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NPPC Attempts Resolution of Shipment Issue

by 5m Editor
15 January 2009, at 8:50am

US - The National Pork Producers Council continues to press the Mexican government to put off implementing a policy that would prohibit the United States from shipping pork to Mexico via large combo containers - a policy that could have devastating financial implications for the US pork industry.

NPPC met last week in Dallas with Mexican pork industry leaders and the leadership of the Mexican Meat Council, according to Pork Mag. NPPC pushed hard on the combo issue and got commitments from these organizations to raise the issue with Mexican government officials. Combos are large container boxes weighing between 2,000 and 2,200 pounds which allow for bulk shipment.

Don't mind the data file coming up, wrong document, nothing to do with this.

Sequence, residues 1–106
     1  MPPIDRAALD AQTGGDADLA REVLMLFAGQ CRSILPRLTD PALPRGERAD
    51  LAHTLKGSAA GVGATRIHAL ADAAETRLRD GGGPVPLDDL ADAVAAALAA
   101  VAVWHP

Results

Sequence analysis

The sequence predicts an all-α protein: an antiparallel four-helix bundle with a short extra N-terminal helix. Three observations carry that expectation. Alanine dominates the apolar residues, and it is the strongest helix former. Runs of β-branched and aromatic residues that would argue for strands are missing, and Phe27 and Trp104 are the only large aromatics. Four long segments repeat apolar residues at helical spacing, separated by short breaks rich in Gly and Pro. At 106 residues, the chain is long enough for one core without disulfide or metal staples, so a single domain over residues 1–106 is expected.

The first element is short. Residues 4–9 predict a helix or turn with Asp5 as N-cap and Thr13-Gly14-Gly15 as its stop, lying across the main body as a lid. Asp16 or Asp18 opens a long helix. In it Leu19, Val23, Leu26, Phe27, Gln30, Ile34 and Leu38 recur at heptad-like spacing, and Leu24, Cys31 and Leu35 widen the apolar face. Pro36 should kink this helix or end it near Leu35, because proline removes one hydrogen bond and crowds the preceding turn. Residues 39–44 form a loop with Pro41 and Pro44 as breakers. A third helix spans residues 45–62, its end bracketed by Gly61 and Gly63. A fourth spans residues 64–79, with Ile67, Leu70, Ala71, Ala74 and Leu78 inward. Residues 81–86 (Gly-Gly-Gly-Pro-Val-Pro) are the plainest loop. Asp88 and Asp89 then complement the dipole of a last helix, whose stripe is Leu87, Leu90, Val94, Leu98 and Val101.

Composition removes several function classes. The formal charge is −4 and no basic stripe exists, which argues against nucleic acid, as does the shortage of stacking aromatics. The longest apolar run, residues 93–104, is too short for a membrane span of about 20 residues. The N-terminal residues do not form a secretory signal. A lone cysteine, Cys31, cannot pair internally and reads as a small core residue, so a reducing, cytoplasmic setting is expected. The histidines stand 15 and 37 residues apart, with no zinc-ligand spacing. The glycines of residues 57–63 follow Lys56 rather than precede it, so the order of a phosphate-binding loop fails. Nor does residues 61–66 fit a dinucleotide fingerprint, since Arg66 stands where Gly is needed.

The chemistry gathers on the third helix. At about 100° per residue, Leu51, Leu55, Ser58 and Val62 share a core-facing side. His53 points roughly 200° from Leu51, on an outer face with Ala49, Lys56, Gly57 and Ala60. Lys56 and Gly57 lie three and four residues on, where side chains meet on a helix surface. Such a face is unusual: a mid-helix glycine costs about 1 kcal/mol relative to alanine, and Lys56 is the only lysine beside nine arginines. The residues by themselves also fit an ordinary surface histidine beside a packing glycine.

NPPC was contacted Friday evening by Economia (the Mexican counterpart of USTR) and was told that the new policy would apply only to frozen combos. USDA told NPPC Monday that Mexico has asked FSIS to allow it to review how the US handles combos from Canada as a potential condition of a compromise on frozen combos. While progress has been made, NPPC continues to push hard politically with the transition team, the Congress, and through various means in Mexico City.

If the policy banning the use of combos for all products shipped to Mexico is put in place, it would cause live hog prices to fall by nearly $6 per head, according to Iowa State University economist Dermot Hayes. The US meat industry began shipping products to Mexico in combo bins about 15 years ago at the request of the Mexican meat processing industry.

Today approximately 80 per cent of pork, 70 per cent of poultry, and 10 per cent of beef is shipped in combo containers. The production lines of many important Mexican customers are configured to work only with combos. The new policy would require small boxes to be stacked on pallets.

Mexico is one of the top destinations for US pork exports. From January through October 2008, US. pork exports to Mexico totaled 307,056 metric tons valued at $549.6 million, increases respectively of 38 per cent and 52 per cent over the same period in 2007.